Monica Cannon-Grant was released on personal recognizance today on charges she defrauded Violence in Boston, and was allowed to keep working for the group, but was ordered to stay away from its funds.
At her initial hearing in US District Court in Boston this afternoon, Magistrate Judge Judith Dein also ordered Cannon-Grant not to apply for any sort of unemployment payments or to apply for any loans or grants for the group, which she started in 2017.
Cannon-Grant was arrested this morning on an 18-count indictment charging two counts of wire fraud conspiracy, one count of conspiracy, 13 counts of wire fraud, count of making false statements to a mortgage lending business and one count of mail fraud. Her husband, who was initially charged with some of the counts in October, was named in the new indictment, but did not have to appear in court today. Broadly speakings, the couple was charged with treating Violence in Boston funds as their own, using money meant for charity work to pay for rent, trips and other personal expenses - even as Cannon-Grant said she was working for free.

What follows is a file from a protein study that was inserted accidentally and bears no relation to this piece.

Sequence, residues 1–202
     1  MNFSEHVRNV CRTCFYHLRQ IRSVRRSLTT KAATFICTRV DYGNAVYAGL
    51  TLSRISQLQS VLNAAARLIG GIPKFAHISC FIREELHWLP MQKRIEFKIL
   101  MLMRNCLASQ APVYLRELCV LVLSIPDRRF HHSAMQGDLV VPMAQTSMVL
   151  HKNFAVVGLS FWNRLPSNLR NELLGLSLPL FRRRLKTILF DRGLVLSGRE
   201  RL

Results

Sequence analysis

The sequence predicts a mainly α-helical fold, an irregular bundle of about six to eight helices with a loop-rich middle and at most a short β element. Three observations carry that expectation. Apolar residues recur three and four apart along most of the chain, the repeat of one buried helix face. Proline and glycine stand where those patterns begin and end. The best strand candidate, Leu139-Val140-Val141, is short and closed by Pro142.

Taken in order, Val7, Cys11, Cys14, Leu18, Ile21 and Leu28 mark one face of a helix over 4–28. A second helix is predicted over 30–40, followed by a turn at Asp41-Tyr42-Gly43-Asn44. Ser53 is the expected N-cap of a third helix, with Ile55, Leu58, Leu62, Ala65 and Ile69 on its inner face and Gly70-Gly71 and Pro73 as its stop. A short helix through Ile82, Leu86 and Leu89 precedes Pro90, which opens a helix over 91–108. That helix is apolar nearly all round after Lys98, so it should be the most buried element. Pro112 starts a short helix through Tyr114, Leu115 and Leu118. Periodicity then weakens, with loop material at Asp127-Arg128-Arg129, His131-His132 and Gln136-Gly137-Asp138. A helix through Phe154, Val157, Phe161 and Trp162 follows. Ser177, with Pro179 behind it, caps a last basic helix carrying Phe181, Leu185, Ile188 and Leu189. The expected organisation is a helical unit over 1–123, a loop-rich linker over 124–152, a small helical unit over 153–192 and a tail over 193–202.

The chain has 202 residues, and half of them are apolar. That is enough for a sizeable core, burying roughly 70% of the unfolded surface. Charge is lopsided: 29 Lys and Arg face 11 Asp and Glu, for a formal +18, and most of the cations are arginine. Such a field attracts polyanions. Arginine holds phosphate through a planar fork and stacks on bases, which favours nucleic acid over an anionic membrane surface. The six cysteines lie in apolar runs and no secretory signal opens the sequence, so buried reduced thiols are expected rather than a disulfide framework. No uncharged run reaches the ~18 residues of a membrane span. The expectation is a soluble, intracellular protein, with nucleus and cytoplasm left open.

At her hearing today, assistant US Attorney Adam Deitch initially asked that Cannon-Grant be prohibited from any involvement in Violence in Boston pending the outcome of her case, saying that other board directors and administrators at the group could take on her responsibilities. Her attorney, William Connolly, however, asked that she be allowed to continue her work there running its twice-weekly food pantry in Hyde Park and some other tasks, just not with the ability to access funds. Dein agreed.